• 06.20.12

All The Water It Takes To Produce A Burger

The water footprint of an object can be hard to wrap your head around. This video gives you a good sense of exactly how much water–everything from growing the cow’s food to making the bun–goes into your last burger.

Hamburgers, like many enjoyable things in life, have a resource-intensive production process. In addition to meat, burger production requires water–lots of it. The USGS estimates that it takes 4,000 to 18,000 gallons of water to produce a juicy hamburger, depending on conditions that cows are raised in. The water doesn’t go directly into your burger; rather, it is used to feed, hydrate, and service cows. Check out a visualization of the water that goes into a burger in the video above.


The video is just a small piece of a European Commission campaign to raise awareness about resource efficiency, according to PSFK. The Generation Awake campaign features a site dedicated to teaching Europeans about water efficiency–and shocking us into action with statistics about the water footprints of various products (did you know that hosing your lawn for nine hours uses the same amount of water as it takes to make a pair of jeans?).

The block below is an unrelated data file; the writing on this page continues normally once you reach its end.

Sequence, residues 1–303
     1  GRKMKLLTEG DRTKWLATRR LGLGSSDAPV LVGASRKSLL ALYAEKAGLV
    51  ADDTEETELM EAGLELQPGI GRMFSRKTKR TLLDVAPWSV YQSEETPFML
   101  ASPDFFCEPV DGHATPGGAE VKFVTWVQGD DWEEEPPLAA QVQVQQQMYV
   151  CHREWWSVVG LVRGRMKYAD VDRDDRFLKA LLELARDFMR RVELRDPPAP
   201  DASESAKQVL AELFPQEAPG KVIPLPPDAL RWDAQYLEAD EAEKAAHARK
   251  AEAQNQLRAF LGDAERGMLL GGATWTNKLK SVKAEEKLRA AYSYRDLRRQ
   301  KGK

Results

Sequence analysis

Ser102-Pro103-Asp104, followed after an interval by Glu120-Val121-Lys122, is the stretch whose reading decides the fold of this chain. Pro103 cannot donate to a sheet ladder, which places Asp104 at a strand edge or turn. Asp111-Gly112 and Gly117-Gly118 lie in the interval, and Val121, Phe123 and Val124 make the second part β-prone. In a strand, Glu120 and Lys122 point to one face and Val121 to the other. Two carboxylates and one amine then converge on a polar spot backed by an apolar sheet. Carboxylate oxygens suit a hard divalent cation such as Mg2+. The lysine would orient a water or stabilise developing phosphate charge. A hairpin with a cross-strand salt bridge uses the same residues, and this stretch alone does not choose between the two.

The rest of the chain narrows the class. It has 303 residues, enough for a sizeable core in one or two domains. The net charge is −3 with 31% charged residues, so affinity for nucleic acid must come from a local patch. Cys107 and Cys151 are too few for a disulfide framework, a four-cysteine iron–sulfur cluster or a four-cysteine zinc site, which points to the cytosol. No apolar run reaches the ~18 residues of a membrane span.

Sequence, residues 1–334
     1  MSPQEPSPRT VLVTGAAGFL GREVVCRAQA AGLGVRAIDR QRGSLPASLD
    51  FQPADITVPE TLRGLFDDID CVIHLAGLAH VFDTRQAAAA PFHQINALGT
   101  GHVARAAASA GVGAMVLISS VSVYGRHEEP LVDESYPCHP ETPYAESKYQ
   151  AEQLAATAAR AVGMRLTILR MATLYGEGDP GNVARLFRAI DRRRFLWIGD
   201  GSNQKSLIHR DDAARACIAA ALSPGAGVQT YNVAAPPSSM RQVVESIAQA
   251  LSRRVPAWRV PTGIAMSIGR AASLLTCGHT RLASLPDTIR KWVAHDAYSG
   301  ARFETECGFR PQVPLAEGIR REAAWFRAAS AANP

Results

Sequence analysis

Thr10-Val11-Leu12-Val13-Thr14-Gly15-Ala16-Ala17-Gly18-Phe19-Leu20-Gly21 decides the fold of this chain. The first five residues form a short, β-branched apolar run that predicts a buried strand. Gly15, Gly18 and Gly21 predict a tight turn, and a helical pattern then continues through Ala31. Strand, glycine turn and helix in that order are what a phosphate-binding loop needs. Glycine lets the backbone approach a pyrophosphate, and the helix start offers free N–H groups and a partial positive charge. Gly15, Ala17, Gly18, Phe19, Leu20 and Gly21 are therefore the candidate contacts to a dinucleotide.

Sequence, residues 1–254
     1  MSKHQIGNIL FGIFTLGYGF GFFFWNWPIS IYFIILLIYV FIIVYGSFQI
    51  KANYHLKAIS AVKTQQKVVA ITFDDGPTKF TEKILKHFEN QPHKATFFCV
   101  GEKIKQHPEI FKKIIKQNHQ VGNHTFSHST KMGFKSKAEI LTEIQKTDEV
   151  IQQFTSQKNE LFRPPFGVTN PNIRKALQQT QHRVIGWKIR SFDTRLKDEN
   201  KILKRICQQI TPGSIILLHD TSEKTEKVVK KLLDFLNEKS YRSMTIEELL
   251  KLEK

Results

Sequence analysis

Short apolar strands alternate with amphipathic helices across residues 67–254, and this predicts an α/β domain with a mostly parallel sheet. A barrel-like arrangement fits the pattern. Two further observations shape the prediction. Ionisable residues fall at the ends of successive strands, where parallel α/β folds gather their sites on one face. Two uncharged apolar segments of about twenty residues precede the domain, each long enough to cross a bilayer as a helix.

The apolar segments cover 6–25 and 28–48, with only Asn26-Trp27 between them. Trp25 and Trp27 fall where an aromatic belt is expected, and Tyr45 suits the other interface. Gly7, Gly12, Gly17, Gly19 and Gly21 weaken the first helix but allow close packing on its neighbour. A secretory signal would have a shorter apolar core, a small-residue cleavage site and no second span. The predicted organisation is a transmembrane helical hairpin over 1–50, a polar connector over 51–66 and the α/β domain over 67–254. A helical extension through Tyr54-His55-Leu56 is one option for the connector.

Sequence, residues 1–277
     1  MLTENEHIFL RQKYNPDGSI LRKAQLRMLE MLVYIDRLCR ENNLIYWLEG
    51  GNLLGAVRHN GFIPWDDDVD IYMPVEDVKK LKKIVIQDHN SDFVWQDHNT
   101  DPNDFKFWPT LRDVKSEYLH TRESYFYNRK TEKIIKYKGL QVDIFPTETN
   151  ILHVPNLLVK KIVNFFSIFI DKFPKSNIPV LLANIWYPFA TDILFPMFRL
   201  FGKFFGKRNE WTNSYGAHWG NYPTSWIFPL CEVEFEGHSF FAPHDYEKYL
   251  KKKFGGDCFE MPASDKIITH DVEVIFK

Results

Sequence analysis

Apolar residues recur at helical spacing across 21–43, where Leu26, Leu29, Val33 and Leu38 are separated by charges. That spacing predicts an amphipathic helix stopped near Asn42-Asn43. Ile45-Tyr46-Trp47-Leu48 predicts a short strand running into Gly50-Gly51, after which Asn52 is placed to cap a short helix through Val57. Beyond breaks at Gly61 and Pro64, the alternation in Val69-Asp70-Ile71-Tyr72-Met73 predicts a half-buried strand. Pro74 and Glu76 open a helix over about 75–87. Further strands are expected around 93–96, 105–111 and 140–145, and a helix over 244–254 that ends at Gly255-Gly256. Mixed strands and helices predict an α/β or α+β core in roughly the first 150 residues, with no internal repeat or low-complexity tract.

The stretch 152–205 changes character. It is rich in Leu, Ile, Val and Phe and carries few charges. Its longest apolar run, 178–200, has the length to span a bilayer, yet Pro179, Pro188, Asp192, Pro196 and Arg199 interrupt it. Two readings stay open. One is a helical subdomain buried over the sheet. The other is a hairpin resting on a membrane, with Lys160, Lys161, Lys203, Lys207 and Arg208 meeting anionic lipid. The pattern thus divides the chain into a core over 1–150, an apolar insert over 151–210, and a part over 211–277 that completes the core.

The site suggests some fairly obvious steps for reducing your water footprint: buy more secondhand goods, waste less food, and eat less meat. But if you’re up for a real challenge, Generation Awake will soon launch a video challenge asking participants to visually demonstrate the amount of water needed to make chocolate, coffee, hamburgers, beer, and shoes, much like in the clip seen here.

About the author

Ariel Schwartz is a Senior Editor at Co.Exist. She has contributed to SF Weekly, Popular Science, Inhabitat, Greenbiz, NBC Bay Area, GOOD Magazine and more.